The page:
Prehistoric migrations through the Mediterranean basin shaped Corsican Y-chromosome diversity
http://journals.plos.org/plosone/art...l.pone.0200641
The rarity of human remains makes it difficult to apprehend the first settlements in Corsica. It is admitted that initial colonization could have occurred during the Mesolithic period when glaciations would have shortened the open water travel distance from the continent. Mesolithic sites in Corsica show relatively short and irregular occupation, and suggest discontinuous settling of very mobile groups probably traveling by boat. Previous genetic studies on Corsican populations showed internal differentiation and a relatively poor genetic relationship with continental populations, despite intense historical contacts, however local Mesolithic-based genetic inheritance has never been properly estimated. The aim of this study was to explore the Corsican genetic profile of Y-chromosomes in order to trace the genetic signatures back to the first migrations to Corsica. This study included 321 samples from men throughout Corsica; samples from Provence and Tuscany were added to the cohort. All samples were typed for 92 Y-SNPs, and Y-STRs were also analyzed. Results revealed highly differentiated haplogroup patterns among Corsican populations. Haplogroup G had the highest frequency in Corsica, mostly displaying a unique Y-STR profile. When compared with Provence and Tuscany, Corsican populations displayed limited genetic proximity. Corsican populations present a remarkable Y-chromosome genetic mixture. Although the Corsican Y-chromosome profile shows similarities with both Provence and to a lesser extent Tuscany, it mainly displays its own specificity.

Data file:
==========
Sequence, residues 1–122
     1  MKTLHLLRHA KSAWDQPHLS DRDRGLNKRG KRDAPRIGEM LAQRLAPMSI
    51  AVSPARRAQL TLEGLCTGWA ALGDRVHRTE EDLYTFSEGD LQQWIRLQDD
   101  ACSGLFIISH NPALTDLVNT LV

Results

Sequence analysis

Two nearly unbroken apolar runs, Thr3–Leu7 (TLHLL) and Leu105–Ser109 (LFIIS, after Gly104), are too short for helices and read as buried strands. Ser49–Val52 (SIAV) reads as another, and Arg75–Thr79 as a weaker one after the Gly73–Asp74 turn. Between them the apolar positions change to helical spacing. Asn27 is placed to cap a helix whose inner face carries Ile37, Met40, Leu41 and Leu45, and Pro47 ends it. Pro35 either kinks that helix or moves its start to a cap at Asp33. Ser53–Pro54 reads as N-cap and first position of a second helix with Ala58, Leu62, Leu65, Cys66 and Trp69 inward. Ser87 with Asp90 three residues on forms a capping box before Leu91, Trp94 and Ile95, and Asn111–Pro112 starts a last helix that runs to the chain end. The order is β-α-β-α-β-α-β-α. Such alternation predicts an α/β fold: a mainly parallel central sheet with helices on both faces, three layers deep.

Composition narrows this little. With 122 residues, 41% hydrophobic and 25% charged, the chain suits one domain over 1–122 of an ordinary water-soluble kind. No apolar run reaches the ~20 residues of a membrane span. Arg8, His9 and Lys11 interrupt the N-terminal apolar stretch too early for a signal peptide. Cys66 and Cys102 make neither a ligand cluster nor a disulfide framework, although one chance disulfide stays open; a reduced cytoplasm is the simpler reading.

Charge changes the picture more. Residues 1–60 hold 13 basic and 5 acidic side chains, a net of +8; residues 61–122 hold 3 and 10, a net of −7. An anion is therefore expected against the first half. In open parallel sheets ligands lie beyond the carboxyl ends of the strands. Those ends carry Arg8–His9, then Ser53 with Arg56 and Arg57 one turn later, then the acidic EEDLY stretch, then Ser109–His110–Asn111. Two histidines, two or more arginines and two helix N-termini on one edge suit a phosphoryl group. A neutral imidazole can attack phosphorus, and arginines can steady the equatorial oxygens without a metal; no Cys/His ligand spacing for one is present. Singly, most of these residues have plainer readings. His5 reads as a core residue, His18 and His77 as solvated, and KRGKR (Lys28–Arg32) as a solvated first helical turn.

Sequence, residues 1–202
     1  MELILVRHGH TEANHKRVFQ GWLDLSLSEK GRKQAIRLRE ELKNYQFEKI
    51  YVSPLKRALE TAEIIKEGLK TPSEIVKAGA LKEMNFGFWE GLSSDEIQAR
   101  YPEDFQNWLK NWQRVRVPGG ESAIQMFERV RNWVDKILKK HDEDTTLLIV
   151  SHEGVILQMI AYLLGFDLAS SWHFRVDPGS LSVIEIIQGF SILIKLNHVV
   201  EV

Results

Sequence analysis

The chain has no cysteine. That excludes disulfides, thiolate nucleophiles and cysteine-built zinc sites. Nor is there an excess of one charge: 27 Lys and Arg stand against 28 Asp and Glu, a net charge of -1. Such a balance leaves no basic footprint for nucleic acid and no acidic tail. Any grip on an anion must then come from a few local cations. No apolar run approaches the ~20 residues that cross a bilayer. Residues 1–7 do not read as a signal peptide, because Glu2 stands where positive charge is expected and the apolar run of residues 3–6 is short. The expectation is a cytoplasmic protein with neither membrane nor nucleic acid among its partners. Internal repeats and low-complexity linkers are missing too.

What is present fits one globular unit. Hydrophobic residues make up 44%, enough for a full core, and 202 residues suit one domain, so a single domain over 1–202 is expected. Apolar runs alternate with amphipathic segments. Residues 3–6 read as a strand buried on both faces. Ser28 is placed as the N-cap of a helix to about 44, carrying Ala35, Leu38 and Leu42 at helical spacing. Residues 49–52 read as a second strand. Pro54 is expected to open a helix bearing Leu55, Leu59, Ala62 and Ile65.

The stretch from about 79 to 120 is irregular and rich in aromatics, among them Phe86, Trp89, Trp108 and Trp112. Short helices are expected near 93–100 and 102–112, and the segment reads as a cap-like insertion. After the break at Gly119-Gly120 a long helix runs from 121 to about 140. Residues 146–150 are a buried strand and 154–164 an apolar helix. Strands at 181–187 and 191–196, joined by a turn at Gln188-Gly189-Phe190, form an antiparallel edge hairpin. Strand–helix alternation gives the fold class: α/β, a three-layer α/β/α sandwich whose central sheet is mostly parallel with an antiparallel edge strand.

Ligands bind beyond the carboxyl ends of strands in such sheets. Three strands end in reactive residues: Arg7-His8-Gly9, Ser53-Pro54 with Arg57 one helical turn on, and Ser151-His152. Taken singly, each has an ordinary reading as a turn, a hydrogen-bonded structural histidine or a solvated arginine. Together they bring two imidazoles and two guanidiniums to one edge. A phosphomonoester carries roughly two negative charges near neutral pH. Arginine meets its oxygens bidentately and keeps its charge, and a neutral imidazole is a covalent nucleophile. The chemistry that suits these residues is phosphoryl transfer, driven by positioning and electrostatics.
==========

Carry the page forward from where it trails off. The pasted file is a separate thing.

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for my haplogroup
12 samples from this study of Haplogroup T1a-M70, was observed in Corsica with an estimated TMRCA of 8854 +/- 1668 years.